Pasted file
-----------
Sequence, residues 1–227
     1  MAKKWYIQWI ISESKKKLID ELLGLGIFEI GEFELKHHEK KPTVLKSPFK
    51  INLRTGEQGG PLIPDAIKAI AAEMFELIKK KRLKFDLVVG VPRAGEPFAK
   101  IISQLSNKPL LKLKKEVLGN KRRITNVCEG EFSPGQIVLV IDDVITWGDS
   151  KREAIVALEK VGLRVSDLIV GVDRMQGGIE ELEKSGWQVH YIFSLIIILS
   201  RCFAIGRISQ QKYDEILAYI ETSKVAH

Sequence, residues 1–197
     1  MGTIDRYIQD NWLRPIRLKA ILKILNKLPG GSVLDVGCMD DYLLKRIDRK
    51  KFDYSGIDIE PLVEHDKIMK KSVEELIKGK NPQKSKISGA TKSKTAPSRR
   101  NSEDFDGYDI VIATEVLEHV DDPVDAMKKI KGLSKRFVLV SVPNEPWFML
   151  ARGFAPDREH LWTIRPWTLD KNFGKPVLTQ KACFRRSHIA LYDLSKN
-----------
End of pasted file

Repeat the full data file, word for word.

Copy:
Sequence, residues 1–227
     1  MAKKWYIQWI ISESKKKLID ELLGLGIFEI GEFELKHHEK KPTVLKSPFK
    51  INLRTGEQGG PLIPDAIKAI AAEMFELIKK KRLKFDLVVG VPRAGEPFAK
   101  IISQLSNKPL LKLKKEVLGN KRRITNVCEG EFSPGQIVLV IDDVITWGDS
   151  KREAIVALEK VGLRVSDLIV GVDRMQGGIE ELEKSGWQVH YIFSLIIILS
   201  RCFAIGRISQ QKYDEILAYI ETSKVAH

Sequence, residues 1–197
     1  MGTIDRYIQD NWLRPIRLKA ILKILNKLPG GSVLDVGCMD DYLLKRIDRK
    51  KFDYSGIDIE PLVEHDKIMK KSVEELIKGK NPQKSKISGA TKSKTAPSRR
   101  NSEDFDGYDI VIATEVLEHV DDPVDAMKKI KGLSKRFVLV SVPNEPWFML
   151  ARGFAPDREH LWTIRPWTLD KNFGKPVLTQ KACFRRSHIA LYDLSKN